The use of SCCs and BCRs as a mechanism for data transfers are therefore contingent upon the sender of the personal data conducting an audit of their intended recipient and satisfying themselves that the required level of data protection is reached given the overall circumstances of the transfer.

The TCA provides that certain aspects of the agreement (terms in respect of law enforcement and judicial co-operation) may be terminated or suspended should there be a breach of protections for human rights, fundamental freedoms and personal data. The issue of personal data will therefore remain a fundamental issue until an adequacy decision is reached (if any) and presents the potential to impede or terminate the co-operation between the EU and the UK in matters of anti-terrorism, shared intelligence and wider judicial co-operation.

The overall premise of the TCA is to establish a new relationship between the UK and the EU subject to the rules of international law, and in a bid to restore the UK’s constitutional supremacy, the TCA provides for a marked departure from the governing oversight of the ECJ and European law. The UK is now free to carve the future of its own data protection regime on an international platform, and given the different approach taken by the EU and the US in respect of data protection, as highlighted by the Schrems II decision, the grant of an adequacy decision of the UK’s own data protection regime is by no means guaranteed.

We will explore the factors influencing the EC’s decision to reach an adequacy decision for the UK, and the impact the Schrems II case has made within the international data protection landscape, in future updates which can be found on our Brexit Hub.

What measures should businesses take?

The UK’s regulatory body, the Information Commissioner’s Office (the ICO) issued a statement on 28th December 2020 that the TCA was the best possible result for UK organisations processing the personal data of EU citizens as data transfers may continue undisturbed.  However, the ICO also cautioned that businesses should implement alternative transfer mechanisms as a sensible precaution whilst an adequacy decision is considered; this will help to safeguard against any interruption to the free flow of personal data if an adequacy decision is not forthcoming in the next 4-6 months.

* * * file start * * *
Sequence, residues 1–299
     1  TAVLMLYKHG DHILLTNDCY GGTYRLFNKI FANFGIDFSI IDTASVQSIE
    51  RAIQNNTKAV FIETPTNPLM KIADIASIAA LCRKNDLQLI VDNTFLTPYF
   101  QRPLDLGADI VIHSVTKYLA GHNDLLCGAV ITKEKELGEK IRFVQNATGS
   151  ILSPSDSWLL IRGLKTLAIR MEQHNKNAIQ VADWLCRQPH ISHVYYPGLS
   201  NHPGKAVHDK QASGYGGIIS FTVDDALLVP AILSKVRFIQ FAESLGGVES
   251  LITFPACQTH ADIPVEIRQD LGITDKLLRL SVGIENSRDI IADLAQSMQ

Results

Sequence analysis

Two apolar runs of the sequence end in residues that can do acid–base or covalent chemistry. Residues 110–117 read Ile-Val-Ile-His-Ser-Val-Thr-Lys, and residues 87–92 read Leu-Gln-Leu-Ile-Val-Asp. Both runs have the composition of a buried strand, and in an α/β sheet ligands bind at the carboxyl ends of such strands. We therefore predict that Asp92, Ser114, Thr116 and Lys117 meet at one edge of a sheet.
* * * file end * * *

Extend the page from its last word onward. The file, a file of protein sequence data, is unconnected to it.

From 1st January 2020, two data protection regimes operate concurrently, the UK GDPR and the EU GDPR, and many entities who operate cross-border services or trade in goods may find that they are subject to both regimes simultaneously.

Practical measures businesses should consider include:

  • Seeking early legal advice to minimise the exposed risk of failing to comply with two regulatory regimes and the subsequent increased risk of incurring additional fines or regulatory sanctions;
  • Updating privacy notices and other data protection documents to refer to the correct data protection officers or lead supervisory bodies;
  • Conducting a data transfer mapping exercise to identify data transfers which may require appropriate safeguards to be put in place to continue the permitted transfer; and
  • Conducting a review of existing agreements and the relevant data protection terms to remove reference to out-of-date data protection legislation.

The role of the ICO

The ICO no longer performs a role under the EU GDPR. Businesses are therefore no longer able to appoint the ICO as the lead data protection authority in respect of cross-border data complaints and issues. Organisations who previously nominated the ICO within their BCRs will need to revise their existing terms and appoint a new EU data protection authority.

Appointing an EU or UK Representative

Any UK based entities (with no establishment in the EU) who provide goods or services to EU citizens or who process the personal data of EU citizens, will need to consider whether they are required to appoint an EU representative in order to comply with the EU GDPR.

Additionally, EU based entities conducting cross-border data transfers will need to consider whether they are required to appoint a UK representative to comply with the UK GDPR.

Appointing a Data Protection Officer (DPO)

The requirement to appoint a DPO continues under the UK GDPR. If a business is governed by both the UK GDPR and the EU GDPR simultaneously, it will need to ensure that the DPO remains easily accessible from each establishment.

Here to help

Our expert team of data protection solicitors are able to advise you on the data protection aspects of your business and provide you with the appropriate documentation to ensure your compliance. For further information, you can access our dedicated Brexit Hub section or contact us on 0161 941 4000 or email our data protection specialists.